Michigan City working to reduce number of vacant buildings

2013-04-07T18:15:00Z 2013-04-08T08:12:04Z Michigan City working to reduce number of vacant buildingsStan Maddux Times Correspondent nwitimes.com
April 07, 2013 6:15 pm  • 

MICHIGAN CITY | The ongoing effort to revitalize Michigan City is being fought on many fronts, the latest being a renewed effort to reduce hundreds of abandoned buildings.

Mayor Ron Meer said vacant homes and factory buildings in any community do not leave a good impression for prospective new companies. He doesn't expect to eliminate all of the 500 or so empty properties throughout the city but hopes to add to the already noticeable dent.

"Ultimately, what you want is an actual visual impact. Those are the things people who want to invest start looking at," said Meer.

Since taking over as mayor 15 months ago. Meer has stepped up the already aggressive stance on vacant structures established by his predecessor, Chuck Oberlie, whose leadership resulted in dozens of razed properties, especially toward the end of his term.

In January, an ordinance took effect outlining methods to uncover and keep a log of abandoned structures and identify the property owners. Owners who aren't willing to do things such as bring their properties up to code and cut the grass can be fined or have a levy placed on their tax bills for the city's expense of maintaining the grounds.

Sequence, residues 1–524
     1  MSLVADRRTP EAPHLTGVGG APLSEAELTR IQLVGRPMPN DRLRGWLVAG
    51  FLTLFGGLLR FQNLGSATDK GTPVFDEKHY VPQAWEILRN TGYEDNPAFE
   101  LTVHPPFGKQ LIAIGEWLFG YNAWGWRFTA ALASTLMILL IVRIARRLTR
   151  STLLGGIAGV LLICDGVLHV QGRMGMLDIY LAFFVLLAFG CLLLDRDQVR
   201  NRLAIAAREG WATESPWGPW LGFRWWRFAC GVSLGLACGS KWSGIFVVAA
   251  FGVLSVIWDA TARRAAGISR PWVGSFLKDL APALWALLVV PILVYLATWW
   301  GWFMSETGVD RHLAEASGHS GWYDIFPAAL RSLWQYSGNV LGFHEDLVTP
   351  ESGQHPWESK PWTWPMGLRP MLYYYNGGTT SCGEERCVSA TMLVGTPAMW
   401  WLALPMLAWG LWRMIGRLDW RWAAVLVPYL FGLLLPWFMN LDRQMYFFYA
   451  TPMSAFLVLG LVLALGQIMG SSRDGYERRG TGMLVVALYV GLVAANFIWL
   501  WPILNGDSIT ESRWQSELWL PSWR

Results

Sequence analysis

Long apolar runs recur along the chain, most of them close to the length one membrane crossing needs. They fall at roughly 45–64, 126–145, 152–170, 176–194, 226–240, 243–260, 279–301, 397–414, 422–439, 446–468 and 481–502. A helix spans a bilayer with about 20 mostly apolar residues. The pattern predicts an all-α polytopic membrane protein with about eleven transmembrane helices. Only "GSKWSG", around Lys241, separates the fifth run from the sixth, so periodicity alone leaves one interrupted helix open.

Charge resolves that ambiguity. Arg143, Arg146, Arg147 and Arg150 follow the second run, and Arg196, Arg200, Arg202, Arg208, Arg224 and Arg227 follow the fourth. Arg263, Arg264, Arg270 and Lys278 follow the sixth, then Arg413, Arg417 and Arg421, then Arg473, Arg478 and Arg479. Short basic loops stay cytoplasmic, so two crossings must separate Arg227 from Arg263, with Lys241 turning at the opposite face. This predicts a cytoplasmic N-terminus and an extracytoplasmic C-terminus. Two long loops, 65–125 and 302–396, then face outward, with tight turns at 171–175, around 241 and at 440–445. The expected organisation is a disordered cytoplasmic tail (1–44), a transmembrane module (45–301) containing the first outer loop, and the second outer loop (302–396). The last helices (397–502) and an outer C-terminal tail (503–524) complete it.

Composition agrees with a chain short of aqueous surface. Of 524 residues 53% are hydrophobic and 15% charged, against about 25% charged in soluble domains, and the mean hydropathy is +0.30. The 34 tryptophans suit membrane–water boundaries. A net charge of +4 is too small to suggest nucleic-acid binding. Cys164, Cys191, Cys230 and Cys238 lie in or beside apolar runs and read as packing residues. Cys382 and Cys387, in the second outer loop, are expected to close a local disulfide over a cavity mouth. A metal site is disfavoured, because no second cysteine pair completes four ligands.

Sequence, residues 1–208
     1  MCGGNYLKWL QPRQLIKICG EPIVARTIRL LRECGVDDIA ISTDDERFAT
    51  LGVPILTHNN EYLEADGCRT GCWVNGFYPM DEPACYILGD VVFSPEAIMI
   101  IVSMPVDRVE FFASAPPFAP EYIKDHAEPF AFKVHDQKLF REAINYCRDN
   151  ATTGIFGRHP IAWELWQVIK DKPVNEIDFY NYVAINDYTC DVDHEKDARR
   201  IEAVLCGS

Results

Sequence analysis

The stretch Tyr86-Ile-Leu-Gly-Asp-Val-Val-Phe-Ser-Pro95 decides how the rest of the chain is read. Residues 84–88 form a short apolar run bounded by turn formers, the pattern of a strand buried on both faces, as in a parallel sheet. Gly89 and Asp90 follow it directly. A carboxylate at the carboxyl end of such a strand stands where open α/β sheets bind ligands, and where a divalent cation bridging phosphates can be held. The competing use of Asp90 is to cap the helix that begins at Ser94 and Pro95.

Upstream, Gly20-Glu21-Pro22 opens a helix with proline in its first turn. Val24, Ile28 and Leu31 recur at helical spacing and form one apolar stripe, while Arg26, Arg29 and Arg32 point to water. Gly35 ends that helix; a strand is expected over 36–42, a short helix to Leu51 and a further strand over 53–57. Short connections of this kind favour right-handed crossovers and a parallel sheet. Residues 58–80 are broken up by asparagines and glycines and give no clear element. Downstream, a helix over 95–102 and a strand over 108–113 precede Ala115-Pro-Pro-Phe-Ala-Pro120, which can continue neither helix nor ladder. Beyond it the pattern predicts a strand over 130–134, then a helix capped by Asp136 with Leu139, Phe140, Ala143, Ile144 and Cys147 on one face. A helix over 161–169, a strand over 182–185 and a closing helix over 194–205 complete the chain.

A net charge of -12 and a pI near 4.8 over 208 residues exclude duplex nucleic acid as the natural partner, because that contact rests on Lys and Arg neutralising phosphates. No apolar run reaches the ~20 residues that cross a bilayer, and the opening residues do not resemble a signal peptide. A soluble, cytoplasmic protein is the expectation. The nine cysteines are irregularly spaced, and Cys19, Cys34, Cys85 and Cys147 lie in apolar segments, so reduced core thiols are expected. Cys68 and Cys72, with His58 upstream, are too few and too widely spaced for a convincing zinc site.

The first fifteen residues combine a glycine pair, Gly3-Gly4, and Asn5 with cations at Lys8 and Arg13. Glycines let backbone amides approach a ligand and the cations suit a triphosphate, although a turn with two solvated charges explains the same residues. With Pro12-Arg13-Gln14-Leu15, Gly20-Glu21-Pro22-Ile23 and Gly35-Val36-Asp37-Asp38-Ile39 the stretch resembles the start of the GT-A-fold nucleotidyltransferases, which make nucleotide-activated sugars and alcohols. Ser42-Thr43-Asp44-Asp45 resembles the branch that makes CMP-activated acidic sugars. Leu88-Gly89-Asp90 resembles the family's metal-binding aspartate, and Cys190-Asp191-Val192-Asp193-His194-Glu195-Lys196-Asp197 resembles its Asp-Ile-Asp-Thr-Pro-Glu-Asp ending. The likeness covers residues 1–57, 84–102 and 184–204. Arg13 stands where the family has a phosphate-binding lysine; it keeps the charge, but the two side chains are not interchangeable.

Some of those dollars also can supplement a $100,000 fund already kept by the city each year for demolition. Meer said since the beginning of the year the city has hired another full-time code enforcement officer whose focus is almost entirely on remedying abandoned properties.

Initially, the goal is to work with owners to try to put the properties back into use or have the buildings sold to a buyer with the financial resources to fix and maintain the structures.

"Ideally, this is what we want — and it does happen," Meer said. "There are some success stories out there."

One of the missions for the city in recent years has been to reverse decline through efforts such as building demolition, more aggressive law enforcement and downtown revitalization.

City Councilman Tim Bietry said the decay began in the 1970s when the downtown was closed off and traffic on Franklin Street to the lakefront was impeded by new construction of the library, police station and city hall. Bietry said progress on the comeback trail is being made but it will take more than just a few years to fully recover.

"We're moving in the right direction but it's a battle. We fell so far behind," Bietry said.

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